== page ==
Have you ever wondered exactly how your students break down words when they read them? Or how they think about word parts when it’s time to spell?
I want to share a phonics word warm-up you can do with your students to strengthen reading and spelling skills.
In order to start, your students (or children) need to at least know a few consonants and short vowel sounds.
Starting with CVC (consonant-vowel-consonant) words and then growing from there will be best.
What you’re doing to do is write down a word that contains phonics elements that your students are already familiar with. Write down a word they know like cat, pig, hop, or dog, and ask them to identify each letter or letters, or part of the word as something.
Ask them if they see any consonants, short vowels, long vowels or any other phonics elements you have introduced so far.
This warm-up should take less than 5 minutes and can be done daily.
If you’re wondering about a systematic way to introduce phonics, you can read about that here.
Reading and Spelling Benefits
Imagine the insight you can gain from doing a warm-up like this during whole or small group. You can focus on phonics concepts that you still need to teach, ones that need to be reviewed, or areas of weakness that some students need strengthened.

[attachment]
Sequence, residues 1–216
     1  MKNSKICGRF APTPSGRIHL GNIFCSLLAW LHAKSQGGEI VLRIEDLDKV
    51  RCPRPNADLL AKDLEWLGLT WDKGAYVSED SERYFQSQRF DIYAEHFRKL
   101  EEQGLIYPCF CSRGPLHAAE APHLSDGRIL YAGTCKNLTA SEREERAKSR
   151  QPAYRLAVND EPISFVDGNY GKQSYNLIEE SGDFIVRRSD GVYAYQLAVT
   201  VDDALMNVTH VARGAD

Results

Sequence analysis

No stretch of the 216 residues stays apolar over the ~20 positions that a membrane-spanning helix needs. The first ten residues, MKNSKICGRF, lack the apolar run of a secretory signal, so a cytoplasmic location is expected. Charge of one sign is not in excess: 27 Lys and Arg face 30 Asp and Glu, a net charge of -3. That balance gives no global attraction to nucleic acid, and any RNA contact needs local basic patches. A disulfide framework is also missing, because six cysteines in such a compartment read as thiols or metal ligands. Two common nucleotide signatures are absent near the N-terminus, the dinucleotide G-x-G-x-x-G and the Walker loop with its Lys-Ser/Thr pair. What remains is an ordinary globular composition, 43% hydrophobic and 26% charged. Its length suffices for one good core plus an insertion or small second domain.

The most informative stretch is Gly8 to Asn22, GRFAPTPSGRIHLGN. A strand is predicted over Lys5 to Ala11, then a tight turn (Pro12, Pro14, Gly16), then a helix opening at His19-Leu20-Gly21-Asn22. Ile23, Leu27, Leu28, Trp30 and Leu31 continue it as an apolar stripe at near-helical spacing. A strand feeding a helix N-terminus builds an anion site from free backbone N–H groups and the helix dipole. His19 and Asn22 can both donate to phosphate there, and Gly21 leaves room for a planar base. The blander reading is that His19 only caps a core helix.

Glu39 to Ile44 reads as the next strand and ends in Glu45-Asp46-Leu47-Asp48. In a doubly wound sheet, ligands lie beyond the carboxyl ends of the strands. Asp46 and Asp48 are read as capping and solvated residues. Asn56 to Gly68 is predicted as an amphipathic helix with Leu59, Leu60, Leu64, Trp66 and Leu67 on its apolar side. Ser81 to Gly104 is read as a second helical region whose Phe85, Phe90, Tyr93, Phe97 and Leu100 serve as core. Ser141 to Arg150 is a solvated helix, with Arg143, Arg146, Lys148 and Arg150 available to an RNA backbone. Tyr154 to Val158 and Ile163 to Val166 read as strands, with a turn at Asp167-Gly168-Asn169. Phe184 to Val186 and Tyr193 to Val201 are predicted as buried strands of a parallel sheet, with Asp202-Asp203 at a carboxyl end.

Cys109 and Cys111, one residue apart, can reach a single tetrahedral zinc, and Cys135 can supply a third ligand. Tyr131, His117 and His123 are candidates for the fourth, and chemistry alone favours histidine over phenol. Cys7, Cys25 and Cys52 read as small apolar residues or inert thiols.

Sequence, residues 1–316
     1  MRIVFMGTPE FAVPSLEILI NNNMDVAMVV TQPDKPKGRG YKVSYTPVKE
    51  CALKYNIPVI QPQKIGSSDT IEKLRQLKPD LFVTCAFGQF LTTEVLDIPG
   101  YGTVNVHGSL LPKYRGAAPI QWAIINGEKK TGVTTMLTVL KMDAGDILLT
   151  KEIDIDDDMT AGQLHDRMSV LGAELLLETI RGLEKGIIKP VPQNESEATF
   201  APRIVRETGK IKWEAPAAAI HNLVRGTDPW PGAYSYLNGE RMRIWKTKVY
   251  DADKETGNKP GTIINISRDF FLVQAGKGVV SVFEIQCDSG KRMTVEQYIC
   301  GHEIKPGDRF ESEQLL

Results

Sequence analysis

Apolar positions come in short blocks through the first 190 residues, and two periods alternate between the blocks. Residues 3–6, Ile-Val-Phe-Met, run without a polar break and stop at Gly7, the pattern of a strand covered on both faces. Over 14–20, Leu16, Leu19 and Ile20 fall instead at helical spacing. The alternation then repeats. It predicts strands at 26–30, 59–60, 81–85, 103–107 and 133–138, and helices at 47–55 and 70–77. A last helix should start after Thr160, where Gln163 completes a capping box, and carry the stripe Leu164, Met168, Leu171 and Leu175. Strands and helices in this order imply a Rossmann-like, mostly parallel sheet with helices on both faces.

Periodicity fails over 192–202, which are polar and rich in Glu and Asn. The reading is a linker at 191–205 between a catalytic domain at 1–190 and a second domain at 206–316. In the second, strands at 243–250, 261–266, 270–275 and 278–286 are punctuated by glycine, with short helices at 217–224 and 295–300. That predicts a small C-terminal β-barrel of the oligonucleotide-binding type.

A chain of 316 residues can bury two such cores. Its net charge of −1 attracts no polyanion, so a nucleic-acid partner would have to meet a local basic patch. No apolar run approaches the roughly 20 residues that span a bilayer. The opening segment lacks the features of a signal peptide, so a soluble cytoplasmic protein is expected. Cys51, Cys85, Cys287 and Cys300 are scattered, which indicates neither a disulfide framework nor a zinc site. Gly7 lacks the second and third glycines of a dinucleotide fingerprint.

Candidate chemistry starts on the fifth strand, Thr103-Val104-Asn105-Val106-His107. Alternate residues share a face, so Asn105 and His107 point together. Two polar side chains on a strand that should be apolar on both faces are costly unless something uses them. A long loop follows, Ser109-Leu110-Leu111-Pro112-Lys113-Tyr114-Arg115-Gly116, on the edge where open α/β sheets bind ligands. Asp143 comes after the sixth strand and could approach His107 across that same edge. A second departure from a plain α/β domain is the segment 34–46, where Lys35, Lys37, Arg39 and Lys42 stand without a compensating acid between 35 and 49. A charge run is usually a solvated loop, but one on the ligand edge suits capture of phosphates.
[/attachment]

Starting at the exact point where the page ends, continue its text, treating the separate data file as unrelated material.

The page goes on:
The ability to look at a word and understand how consonant blends, vowel teams, and a silent e can work to pronounce that word, can create a very successful readers. And a reader that’s able to do this, will be a speller that can also break words down like this in order to spell words as accurately as possible.
As adults, we don’t look at words and break them down like this anymore, because many of us have a large word bank and can recall many words automatically.
Explicitly working on looking at words this way can help your students build a large word bank as well as they began to notice phonics patterns in words.
Using the Warm-Ups as A Teaching Tool
This type of warm-up can also be used to teach new skills!
Let’s say you show your students the word tiger. Maybe they can quickly identify the consonants, vowel, and even the r-controlled vowel. This could be a time to explain open and closed syllables to them. Or if they didn’t know about r-controlled vowels, you could use the warm-up to introduce the new phonics concept.
I printed my labels on colorful and bright paper and them laminated and cut them out. I hot glued magnets on the back in order to be able to move them around quickly and easily.
Let me know if you try this warm-up in your classroom!
Check it out here.